The conversion of Paul

Yesterday afternoon I met with two students that are preparing for their first communion. In that particular class we were discussing the sacrament of reconciliation. Some time during the beginning of Lent they will celebrate this sacrament, so we were discussing forgiveness.
The example that we used was the parable of the prodigal son. We all know the story from Luke 15. It was especially relevant to them as they are two brothers, twins, and can relate to wanting to get their hands on some cash to go on a wild spending spree. The thought of an unlimited supply of sour patch kids was almost too much too control.

We discussed the story, the freedom, the drought, the desperation, the pigs, and finally the decision to go back home to ask for forgiveness. I asked what their parent’s reaction would be. Both agreed that their mother would immediately welcome then back but that it would take a little work to get the nod their dad. Then I asked about how they would feel if it had been their brother that had taken off and was now being welcomed back. Both immediately said that they would have no problem, they would gladly welcome the other back. “What about the part that your parents would throw a party for him?” No problem. “What about the expensive food and party favors?” No problem.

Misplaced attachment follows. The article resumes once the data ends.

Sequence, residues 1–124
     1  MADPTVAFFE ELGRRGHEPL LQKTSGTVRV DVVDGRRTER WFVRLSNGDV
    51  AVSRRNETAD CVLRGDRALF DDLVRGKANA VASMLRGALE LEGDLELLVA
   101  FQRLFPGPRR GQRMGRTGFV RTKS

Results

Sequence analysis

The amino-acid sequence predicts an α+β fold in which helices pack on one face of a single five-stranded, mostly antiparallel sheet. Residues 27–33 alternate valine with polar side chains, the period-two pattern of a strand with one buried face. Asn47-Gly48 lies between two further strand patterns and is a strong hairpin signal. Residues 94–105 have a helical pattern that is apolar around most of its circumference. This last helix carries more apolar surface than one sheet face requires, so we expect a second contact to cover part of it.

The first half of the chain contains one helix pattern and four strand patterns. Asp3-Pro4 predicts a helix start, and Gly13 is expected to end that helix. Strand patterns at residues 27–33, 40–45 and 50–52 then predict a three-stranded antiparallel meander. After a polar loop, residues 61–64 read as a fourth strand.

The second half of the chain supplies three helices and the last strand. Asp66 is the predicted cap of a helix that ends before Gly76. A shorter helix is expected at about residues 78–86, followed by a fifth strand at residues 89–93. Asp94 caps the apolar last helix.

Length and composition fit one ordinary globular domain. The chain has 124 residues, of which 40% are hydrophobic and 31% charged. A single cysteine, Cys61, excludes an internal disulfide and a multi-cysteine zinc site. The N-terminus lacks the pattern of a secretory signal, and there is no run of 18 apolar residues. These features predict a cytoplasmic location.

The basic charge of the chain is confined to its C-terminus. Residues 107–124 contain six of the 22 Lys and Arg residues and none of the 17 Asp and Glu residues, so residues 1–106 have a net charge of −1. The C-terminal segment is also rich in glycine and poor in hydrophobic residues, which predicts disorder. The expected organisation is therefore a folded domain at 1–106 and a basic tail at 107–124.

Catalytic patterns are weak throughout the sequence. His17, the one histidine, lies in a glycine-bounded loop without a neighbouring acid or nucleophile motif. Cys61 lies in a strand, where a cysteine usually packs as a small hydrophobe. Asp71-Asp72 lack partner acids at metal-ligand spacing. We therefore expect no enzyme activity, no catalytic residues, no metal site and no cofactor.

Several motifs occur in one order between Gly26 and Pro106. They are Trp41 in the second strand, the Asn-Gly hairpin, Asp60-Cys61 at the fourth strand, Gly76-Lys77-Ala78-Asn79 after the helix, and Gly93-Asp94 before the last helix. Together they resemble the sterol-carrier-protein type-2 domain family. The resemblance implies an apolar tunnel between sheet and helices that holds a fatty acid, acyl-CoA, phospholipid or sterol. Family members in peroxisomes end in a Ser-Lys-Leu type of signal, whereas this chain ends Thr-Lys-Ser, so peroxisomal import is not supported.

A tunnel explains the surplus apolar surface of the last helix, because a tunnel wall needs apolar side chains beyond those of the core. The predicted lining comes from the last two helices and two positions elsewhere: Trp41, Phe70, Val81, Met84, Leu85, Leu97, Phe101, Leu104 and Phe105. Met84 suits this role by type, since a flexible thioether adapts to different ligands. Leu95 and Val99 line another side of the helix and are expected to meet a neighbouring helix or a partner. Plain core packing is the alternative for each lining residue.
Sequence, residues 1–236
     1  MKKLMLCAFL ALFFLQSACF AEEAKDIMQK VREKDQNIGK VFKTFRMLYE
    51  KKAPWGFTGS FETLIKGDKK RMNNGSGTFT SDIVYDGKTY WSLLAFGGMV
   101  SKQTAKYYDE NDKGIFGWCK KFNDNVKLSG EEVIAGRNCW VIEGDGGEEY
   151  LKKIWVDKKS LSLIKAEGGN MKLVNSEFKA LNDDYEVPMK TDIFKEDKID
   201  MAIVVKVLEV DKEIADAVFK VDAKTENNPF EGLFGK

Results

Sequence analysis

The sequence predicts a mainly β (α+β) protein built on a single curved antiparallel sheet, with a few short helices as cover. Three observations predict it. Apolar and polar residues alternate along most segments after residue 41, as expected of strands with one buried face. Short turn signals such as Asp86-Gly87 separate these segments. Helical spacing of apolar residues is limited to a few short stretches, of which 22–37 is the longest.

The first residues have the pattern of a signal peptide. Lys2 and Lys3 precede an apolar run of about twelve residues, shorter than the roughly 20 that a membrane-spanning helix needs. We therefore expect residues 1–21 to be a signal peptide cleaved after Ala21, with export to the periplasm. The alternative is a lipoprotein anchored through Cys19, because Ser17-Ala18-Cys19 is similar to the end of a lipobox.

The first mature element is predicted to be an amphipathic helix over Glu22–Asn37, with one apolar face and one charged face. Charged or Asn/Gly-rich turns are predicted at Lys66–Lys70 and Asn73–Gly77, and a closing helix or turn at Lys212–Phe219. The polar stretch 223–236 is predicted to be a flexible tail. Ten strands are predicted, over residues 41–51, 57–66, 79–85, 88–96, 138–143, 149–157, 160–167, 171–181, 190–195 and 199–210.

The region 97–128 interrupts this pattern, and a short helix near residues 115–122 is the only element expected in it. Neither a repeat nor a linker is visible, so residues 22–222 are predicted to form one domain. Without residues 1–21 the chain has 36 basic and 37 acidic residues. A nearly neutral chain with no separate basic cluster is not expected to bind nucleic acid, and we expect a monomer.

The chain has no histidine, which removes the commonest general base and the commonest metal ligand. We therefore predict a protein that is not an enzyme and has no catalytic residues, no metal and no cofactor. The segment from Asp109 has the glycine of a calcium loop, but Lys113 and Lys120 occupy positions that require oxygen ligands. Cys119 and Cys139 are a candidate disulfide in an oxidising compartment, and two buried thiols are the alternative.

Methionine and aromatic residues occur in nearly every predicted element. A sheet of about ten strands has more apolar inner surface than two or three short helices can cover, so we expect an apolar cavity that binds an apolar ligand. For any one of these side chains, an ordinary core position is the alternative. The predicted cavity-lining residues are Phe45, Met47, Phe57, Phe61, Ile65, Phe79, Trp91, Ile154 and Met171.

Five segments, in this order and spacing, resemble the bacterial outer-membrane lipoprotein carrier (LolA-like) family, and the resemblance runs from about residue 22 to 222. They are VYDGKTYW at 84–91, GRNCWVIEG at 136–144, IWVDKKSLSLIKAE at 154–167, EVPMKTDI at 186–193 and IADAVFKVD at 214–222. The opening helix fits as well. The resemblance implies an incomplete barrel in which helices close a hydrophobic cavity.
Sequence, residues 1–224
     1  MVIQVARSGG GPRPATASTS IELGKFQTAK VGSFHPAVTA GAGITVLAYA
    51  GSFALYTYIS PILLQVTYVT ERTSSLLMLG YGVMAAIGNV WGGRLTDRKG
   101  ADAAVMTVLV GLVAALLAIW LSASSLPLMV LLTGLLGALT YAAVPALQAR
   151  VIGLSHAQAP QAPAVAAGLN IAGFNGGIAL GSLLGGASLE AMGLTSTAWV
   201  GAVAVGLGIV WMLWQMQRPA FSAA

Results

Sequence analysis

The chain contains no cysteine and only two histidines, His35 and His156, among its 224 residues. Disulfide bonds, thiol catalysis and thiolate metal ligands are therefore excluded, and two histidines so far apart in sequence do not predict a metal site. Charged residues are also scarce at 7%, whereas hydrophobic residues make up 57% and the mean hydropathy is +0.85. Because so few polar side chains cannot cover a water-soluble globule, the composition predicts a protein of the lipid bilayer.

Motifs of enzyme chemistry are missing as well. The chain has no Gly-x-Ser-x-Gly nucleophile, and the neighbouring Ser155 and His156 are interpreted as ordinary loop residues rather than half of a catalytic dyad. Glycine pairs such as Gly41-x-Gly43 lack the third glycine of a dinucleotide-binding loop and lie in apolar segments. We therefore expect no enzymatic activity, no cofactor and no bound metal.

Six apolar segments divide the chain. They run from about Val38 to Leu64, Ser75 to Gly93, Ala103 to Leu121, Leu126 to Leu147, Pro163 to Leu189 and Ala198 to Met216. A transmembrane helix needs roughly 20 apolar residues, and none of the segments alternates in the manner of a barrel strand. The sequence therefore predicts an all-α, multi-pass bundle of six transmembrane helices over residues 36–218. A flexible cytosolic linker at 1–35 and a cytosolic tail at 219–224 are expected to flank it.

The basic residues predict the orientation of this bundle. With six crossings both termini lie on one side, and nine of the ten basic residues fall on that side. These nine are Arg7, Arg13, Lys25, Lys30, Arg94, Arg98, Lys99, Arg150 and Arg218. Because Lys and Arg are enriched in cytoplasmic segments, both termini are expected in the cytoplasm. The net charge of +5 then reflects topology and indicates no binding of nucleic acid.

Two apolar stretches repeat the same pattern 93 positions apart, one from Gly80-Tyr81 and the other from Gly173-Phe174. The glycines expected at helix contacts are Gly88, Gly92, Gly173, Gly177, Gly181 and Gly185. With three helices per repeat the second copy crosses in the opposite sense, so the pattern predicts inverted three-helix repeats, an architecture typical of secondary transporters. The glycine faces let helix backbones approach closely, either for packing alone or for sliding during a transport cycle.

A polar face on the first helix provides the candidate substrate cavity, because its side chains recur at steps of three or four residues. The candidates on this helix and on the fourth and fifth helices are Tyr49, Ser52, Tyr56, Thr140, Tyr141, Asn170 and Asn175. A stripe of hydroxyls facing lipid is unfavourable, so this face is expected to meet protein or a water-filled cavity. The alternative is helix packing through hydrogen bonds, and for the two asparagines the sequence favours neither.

I asked if there would be any condition under which they would not welcome their brother back … they looked at each other and said in unison, No problem.
This, I explained, was the basis for the sacrament of reconciliation. This is how unconditionally God our father loves, and forgives, us.

Today is the feast of the conversion of Saint Paul. The first reading had two options to read from, Acts chapters 22 and chapter 9. Both are basically the same story and both, if you think about it, are versions of the story of the prodigal son.